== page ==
Some of those specific buildings had nothing to do with local government. Places like Temple’s Feed Store where former County Commissioner Jimmie Temple married over 15,000 couples next to feed sacks and various household plants used to align the downtown area. Though the feed store is no longer there, people like Temple continue to conduct marriage ceremonies downtown. A variety of wedding chapels call historic downtown home and so does the town’s bus station which is located in Taulbee’s Restaurant.

Sevierville’s 108-year-old courthouse, located in the heart of downtown, is an excellent example of Victorian architecture. Built in 1895-96 for $22,000 and renovated in 1970-74 for $577,000, the courthouse is a direct reflection of the care and pride residents put into keeping the hometown feeling alive in downtown Sevierville. The latest addition cost $500,000 Listed on the National Register of Historic Places, the courthouse stands proud with 13-inch thick brick walls and a foundation made of limestone hauled from the old McCown place, the site where Vulcan Materials Company now stands. The Seth Thomas Clock in the courthouse tower originally cost $1,353 plus $42.55 freight.

These are just a few of the historic structures located downtown. Others, like the Harrisburg Covered Bridge can be found within a short drive from downtown. Just ask any of the locals that might be hanging around for directions…. They can point you to most places your looking for.

Sevierville Rates High in Citizen Survey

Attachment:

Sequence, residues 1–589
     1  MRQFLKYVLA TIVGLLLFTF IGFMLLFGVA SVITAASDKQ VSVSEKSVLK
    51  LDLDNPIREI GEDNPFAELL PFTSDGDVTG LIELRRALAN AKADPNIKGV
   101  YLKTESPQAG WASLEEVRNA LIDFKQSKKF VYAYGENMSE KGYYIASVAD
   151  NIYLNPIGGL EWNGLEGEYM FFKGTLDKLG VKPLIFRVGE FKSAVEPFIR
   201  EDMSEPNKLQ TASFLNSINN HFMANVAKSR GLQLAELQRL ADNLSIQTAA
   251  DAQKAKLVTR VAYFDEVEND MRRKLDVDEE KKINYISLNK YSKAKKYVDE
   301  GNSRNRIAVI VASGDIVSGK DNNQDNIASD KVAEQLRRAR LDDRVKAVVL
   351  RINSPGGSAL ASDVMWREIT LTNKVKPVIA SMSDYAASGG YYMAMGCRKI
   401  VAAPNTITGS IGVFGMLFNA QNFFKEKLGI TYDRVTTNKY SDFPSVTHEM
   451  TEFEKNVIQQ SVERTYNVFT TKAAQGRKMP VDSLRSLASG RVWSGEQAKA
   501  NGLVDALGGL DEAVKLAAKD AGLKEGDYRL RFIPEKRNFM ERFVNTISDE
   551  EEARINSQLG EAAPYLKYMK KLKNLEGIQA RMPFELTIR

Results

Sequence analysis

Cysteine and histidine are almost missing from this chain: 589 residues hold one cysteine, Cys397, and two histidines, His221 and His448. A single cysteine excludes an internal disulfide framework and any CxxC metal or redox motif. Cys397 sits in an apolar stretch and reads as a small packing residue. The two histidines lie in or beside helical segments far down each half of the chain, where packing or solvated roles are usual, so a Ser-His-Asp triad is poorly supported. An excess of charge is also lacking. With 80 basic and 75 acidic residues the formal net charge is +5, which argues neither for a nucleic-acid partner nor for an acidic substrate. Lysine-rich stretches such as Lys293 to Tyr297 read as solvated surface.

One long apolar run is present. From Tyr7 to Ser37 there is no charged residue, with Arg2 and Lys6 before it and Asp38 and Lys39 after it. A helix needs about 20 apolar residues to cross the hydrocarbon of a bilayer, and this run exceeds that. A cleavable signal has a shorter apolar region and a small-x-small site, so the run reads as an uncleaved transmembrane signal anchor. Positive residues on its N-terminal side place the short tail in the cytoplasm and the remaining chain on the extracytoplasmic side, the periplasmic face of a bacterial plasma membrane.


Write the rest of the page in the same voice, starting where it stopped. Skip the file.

As if it didn’t know that it was a great place already, Sevierville was awarded high marks recently in public survey gauging the thoughts of its citizens.

Titled the National Citizen Survey, Sevierville rated highly in this initiative conducted by the city this past fall. High markings were given to Sevierville for the city’s overall appearance as well as several public works functions, such as street lighting, sidewalk maintenance, garbage collection, and snow removal.  Fire and police services ratings also came in above average in comparison to other cities who participated in the same municipality survey.

Sevierville got overwhelming marks for quality of life with most respondents giving the Smoky Mountains city reviews that showed them, 80% and above, very happy with Sevierville. In all, overall quality of life in Sevierville received a rating of ‘excellent’ or ‘good’ by 85 percent of residents taking part in the survey. More residents also expressed a high degree of satisfaction with the value and quality of city services they receive, as well as the overall direction the city is taking when it comes to those aforementioned areas.

The survey showed that Sevierville residents are more civic-minded, noting that residents commonly participate in religious activities and try to help out their neighbors – two encouraging statistics for people looking to move to the Sevierville area. The Sevierville Community Center is also used more often than like centers by the average citizen nationwide.